Secret plan to raise Warragamba wall 17m

The NSW government could raise Warragamba Dam wall higher than the initial 14 metres proposed, which experts say would have a greater environmental impact.


The NSW government could raise parts of the Warragamba Dam wall higher than initially proposed. (AAP)

The NSW government has been accused of misleading the community after it was revealed it's considering raising parts of Warragamba Dam wall significantly higher than what's been admitted publicly.

Documents seen by AAP show the wall will be designed so it can hold back an additional 17 metres of water even though the coalition initially plans to raise the flood level by just 14m.

Despite this, the government isn't assessing the environmental impact of raising the wall an additional three metres.

The documents show the Berejiklian government plans to raise each end of the wall - the dam abutments - by 17m with the spillway initially set at 14m.

The design would allow the spillway to be modified in the future if climate change leads to increased flooding.

Essentially the wall will be "structurally" raised 17m but "operational" at 14m.

Gundunguarra traditional owner Kazan Brown on Friday said hundreds of cultural sites would be flooded by any additional raising of the wall.

"We were horrified when they announced their plans to raise the dam by 14 metres - now it's 17," Ms Brown said in a statement.

The government wants to raise the dam wall to allow additional floodwater to be captured and temporarily held back, giving residents on the Hawkesbury-Nepean Valley flood plain extra time to evacuate before a controlled release.

But AAP understands the 14m raising wouldn't actually provide authorities enough time to evacuate residents.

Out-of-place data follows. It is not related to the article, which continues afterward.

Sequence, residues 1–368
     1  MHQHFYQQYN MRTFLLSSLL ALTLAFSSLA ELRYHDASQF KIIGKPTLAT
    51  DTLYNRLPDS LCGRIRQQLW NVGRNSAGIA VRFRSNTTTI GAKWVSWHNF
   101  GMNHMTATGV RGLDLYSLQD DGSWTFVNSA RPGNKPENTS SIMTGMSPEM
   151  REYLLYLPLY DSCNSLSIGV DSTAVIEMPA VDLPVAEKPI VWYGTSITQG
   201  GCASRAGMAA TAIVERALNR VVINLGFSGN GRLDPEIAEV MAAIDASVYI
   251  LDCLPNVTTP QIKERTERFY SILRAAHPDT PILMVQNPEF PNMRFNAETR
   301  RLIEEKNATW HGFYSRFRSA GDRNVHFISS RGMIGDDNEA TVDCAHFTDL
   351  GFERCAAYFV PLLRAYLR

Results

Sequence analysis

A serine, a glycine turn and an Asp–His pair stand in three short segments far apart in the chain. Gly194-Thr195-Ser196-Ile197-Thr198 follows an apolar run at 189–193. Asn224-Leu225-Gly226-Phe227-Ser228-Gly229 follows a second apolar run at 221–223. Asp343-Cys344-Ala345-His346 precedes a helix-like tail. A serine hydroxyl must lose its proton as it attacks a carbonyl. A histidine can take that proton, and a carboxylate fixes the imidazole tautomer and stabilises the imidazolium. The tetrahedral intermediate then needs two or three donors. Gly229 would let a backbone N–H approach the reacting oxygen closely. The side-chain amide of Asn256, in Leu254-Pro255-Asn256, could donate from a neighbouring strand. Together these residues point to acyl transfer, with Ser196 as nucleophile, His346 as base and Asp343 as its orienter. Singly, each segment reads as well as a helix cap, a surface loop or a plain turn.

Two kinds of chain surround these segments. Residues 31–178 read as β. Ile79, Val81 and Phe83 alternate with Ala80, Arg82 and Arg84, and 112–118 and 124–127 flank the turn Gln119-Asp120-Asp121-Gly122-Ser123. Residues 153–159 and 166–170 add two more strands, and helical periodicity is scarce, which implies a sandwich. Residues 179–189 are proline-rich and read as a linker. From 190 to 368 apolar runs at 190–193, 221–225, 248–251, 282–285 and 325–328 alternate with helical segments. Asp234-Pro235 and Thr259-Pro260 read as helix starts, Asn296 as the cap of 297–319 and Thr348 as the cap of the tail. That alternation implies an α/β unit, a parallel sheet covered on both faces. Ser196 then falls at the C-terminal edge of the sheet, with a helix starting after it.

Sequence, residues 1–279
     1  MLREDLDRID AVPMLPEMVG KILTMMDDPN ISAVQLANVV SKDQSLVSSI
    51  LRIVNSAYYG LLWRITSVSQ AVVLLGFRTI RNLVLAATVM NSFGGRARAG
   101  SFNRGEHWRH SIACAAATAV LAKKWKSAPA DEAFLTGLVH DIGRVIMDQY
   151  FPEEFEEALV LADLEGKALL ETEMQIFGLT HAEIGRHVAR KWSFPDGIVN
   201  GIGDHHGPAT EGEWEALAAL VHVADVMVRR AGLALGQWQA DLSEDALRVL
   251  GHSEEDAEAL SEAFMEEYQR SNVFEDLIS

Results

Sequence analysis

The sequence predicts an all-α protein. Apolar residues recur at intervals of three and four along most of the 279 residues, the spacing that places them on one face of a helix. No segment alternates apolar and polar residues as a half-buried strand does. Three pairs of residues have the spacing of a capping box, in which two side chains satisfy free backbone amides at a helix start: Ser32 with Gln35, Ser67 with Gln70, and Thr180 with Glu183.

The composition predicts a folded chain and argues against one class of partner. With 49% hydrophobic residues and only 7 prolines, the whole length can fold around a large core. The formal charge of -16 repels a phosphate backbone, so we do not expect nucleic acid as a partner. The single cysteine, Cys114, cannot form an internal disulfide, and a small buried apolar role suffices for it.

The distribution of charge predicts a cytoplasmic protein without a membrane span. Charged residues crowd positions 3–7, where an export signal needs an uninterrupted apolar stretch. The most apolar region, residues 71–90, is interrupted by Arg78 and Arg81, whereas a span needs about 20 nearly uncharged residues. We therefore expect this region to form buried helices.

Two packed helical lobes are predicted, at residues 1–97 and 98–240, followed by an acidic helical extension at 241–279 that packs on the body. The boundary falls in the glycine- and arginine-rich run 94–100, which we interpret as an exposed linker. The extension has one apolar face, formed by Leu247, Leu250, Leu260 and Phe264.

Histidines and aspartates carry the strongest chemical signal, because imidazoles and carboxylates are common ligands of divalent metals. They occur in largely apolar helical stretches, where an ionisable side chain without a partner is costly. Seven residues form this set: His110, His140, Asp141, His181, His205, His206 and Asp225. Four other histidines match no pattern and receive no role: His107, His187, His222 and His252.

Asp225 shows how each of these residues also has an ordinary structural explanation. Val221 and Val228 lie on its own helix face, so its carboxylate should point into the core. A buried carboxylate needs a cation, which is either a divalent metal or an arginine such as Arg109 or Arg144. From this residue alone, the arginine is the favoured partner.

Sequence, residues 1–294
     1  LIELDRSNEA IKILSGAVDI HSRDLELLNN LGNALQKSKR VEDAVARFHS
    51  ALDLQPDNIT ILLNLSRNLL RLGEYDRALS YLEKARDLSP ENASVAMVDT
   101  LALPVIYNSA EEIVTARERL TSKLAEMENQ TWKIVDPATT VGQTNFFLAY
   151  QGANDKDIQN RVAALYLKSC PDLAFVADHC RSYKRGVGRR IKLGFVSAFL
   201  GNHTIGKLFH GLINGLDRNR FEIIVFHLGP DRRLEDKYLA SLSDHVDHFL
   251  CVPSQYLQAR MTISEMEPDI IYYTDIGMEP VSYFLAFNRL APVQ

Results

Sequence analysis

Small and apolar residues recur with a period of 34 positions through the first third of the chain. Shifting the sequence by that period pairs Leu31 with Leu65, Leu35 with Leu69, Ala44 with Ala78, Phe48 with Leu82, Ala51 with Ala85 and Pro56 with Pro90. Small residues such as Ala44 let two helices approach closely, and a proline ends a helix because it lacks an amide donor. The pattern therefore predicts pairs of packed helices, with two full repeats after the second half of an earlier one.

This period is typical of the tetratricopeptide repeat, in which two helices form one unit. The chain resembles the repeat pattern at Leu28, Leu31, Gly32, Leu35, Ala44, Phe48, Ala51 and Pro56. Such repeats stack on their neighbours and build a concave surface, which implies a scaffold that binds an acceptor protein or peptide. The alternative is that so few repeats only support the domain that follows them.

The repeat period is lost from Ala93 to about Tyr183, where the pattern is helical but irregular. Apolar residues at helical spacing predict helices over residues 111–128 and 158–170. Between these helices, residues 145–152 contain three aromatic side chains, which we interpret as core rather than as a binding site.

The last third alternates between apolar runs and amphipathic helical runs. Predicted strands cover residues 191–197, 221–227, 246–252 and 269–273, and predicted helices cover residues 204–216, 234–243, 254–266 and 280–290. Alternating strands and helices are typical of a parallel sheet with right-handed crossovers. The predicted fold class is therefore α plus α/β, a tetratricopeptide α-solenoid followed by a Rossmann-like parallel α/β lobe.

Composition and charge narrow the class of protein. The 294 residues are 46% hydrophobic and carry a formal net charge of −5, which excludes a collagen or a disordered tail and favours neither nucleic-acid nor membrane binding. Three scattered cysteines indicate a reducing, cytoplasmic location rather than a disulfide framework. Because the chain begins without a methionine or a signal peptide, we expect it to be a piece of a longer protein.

Premier Gladys Berejiklian on Friday was quizzed about the proposed height of the dam wall.

"I ask you to rely on what's in the public domain - that's what we've announced (and) that's what's happening," she told reporters.

Western Sydney Minister Stuart Ayres told a state parliamentary committee in September the business case was looking only at a 14m raising.

"We are very conscious of the environmental impacts that would occur upstream were we to raise it by more than that," he told the hearing.

"Fourteen metres is what we are preparing a business case and an environmental impact statement for."

The Greens on Friday accused Mr Ayres and Infrastructure NSW of misleading parliament.

"Despite repeated questioning, the minister continued to give an answer that now seems to be covering for plans to prepare for a higher wall," Greens MP Justin Field said in a statement.

NSW Opposition leader Michael Daley on Friday argued the wall raising was a "Trojan horse" for more development on the flood plain.

"We are hearing first hand from the media about plans this government has without consulting residents (and) without being transparent," the Labor leader told reporters.

If the dam wall was raised an extra three metres it could cause significantly more damage upstream in the heritage-listed Blue Mountains, Australian National University water expert Jamie Pittock says.

"It would mean tens of kilometres of more inundation," Professor Pittock told AAP.

The NSW government is using its climate change fund to pay for the design and environmental assessment of the Warragamba project.

The fund was set up partly to increase community resilience.

AAP on Friday asked Infrastructure NSW if the structural raising to 17m would be made public and assessed in terms of its potential environmental impact.

The agency replied: "The NSW secretary of the Department of Planning and Environment has required the project to be designed, constructed and operated to be resilient to the future impacts of climate change."

4 min read
Published 15 March 2019 at 5:16pm
Source: AAP